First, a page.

“We’re going to give them everything they want to see. Answer all their questions about our hero, Dirk, and his background. At the same time, we’re not going to aim the subject matter at the nursery level. We’re going to aim up.”
Oddly, rather than expanding upon the cliffhanging adventures in the game, Bluth wanted to tell the story of how Dirk and Daphne met as teenagers and battled a evil sorcerer named Mordroc who was planning on raising an army of corpses from the river of the dead to take over the world.
Dirk and his friend Strun are peasants who live in a forest and have been adopted by a strange old hag who was killed by Mordroc. Strun is kidnapped and becomes possessed. Princess Daphne and her aunt Brunhilde are disguised as gypsies and hide in the forest to elude Mordroc.
Dirk learns of a warrior knight who can defeat Mordroc and sets off to find him. Along the way he meets up with seven dwarf trolls called the Seven Deadlies named after the Seven Deadly Sins: Greed, Lust, Sloth, etc. Foster had designed them as thieving otters but Bluth changed them into a mixture of Disney’s Seven Dwarfs and the little people from the movie Time Bandits (1981).
They strike up an alliance to find the knight who turns out to be an aging, burnt-out former “hired gun”. Dirk is given his familiar chain mail and orange tunic and the knight agrees to face Mordroc.
Mordroc has taken over Strun’s body and has captured Daphne and intends to wed her. The knight kills Strun but Mordroc’s soul oozes out and transforms into a dragon. The knight collapses into a pile of empty armor.
Dirk slays the dragon but finds that Daphne has been killed. His love brings her back to life and Dirk has become the famous Dirk the Daring because of his bravery and sacrifice.
The film lacked the silliness and cartoony approach of the game and the redesign of Dirk and Daphne left them almost unrecognizable.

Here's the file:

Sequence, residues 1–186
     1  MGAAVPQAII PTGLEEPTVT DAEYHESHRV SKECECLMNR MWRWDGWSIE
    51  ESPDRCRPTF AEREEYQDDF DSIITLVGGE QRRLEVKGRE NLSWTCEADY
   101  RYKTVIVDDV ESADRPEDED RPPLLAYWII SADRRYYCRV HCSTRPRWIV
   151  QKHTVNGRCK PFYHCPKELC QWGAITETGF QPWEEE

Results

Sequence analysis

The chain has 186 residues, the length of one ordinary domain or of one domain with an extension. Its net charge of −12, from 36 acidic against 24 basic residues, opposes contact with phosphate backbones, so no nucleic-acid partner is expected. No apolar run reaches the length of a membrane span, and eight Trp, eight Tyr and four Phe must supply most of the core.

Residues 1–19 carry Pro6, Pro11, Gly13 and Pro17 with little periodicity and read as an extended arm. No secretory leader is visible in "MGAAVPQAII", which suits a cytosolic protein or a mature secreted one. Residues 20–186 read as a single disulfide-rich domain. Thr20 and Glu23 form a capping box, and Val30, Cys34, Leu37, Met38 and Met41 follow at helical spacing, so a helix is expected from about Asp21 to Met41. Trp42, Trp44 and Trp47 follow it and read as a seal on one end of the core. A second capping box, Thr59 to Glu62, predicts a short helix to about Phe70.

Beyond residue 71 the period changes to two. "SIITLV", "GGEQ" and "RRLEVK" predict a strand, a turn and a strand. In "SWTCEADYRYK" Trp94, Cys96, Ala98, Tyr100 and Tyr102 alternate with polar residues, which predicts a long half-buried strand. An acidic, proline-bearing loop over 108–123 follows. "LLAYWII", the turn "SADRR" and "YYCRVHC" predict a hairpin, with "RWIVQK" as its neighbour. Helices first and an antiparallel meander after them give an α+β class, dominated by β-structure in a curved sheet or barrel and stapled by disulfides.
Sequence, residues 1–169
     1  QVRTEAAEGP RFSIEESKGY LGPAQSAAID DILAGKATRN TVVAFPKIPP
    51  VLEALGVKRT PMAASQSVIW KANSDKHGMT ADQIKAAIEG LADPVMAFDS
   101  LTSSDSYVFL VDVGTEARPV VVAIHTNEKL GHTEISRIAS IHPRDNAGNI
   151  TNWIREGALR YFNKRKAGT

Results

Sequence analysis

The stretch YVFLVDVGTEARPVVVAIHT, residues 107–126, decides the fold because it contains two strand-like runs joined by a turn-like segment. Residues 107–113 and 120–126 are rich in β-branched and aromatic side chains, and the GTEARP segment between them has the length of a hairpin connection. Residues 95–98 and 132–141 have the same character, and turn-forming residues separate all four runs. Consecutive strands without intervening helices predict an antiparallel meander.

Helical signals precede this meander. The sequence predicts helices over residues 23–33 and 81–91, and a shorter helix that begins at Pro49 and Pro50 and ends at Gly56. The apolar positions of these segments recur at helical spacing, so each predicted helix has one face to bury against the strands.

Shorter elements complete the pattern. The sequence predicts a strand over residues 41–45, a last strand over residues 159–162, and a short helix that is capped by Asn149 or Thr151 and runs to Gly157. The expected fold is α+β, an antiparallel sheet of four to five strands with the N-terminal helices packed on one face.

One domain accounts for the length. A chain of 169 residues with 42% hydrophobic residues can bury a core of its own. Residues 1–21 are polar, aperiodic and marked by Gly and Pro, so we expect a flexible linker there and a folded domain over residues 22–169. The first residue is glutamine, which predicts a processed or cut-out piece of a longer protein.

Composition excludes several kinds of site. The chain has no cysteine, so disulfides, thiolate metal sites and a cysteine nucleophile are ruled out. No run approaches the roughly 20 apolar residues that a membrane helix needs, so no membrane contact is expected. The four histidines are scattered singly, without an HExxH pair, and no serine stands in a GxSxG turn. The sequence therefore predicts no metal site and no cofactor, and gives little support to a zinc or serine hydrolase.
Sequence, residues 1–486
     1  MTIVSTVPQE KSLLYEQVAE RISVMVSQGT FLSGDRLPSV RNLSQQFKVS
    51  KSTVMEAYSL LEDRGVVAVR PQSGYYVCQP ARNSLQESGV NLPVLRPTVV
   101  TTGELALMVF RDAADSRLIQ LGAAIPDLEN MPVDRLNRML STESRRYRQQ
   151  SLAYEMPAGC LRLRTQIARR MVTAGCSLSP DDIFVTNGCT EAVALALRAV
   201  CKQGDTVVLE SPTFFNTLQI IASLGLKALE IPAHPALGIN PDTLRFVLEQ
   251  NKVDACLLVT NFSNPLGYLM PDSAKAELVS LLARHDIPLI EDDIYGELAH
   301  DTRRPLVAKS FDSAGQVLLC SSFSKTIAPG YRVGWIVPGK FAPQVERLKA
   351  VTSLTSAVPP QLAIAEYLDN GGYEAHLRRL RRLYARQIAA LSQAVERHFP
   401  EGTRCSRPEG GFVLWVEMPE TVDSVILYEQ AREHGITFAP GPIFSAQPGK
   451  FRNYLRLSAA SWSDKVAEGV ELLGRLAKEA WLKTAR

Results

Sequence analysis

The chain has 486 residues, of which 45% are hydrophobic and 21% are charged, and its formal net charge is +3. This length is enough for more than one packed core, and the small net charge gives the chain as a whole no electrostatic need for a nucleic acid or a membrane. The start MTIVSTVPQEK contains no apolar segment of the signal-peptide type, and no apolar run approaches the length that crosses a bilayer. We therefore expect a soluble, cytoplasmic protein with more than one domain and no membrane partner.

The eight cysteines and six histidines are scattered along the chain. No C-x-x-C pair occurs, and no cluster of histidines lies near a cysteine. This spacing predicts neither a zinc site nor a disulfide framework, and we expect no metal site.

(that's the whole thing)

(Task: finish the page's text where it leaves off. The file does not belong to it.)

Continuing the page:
A short film was produced to interest investors consisting of roughly thirty story sketches narrated in epic solemnity. As writer John Cawley stated, “At one major studio, Bluth showed the presentation and then showed the work print of LAIR II which was almost completed. The executive sat there for a second then stated they should turn LAIR II into the feature and forget the other one.”
Started after work on Space Ace had been completed, Dragon’s Lair II: Time Warp takes place years after the first game and has Dirk married to Daphne with lots of children. When Daphne is kidnapped by Mordroc to be forced into marriage, Dirk must once again go and save her. He is assisted by a talking time machine that has been possessed by the brother of Mordroc.
Dirk travels through several dimensions and historical eras searching for Daphne. Some of those scenes were inspired by classic stories and fairy tales like Alice in Wonderland and Sleeping Beauty. Production on the game was halted when the arcade game market started to fall apart in 1984 but it was eventually completed and released. It was very much in the spirit of the first game with fast action and lots of humor.
Let me finish with a great anecdote from my friend John Cawley, “Shortly after the arcade video game market began to crumble, the (Bluth) studio briefly dabbled in producing games for the home computer market. One game, largely designed by Dan Kuenster, starring Zorro did get completed and was released with no real recognition to the Bluth studio.”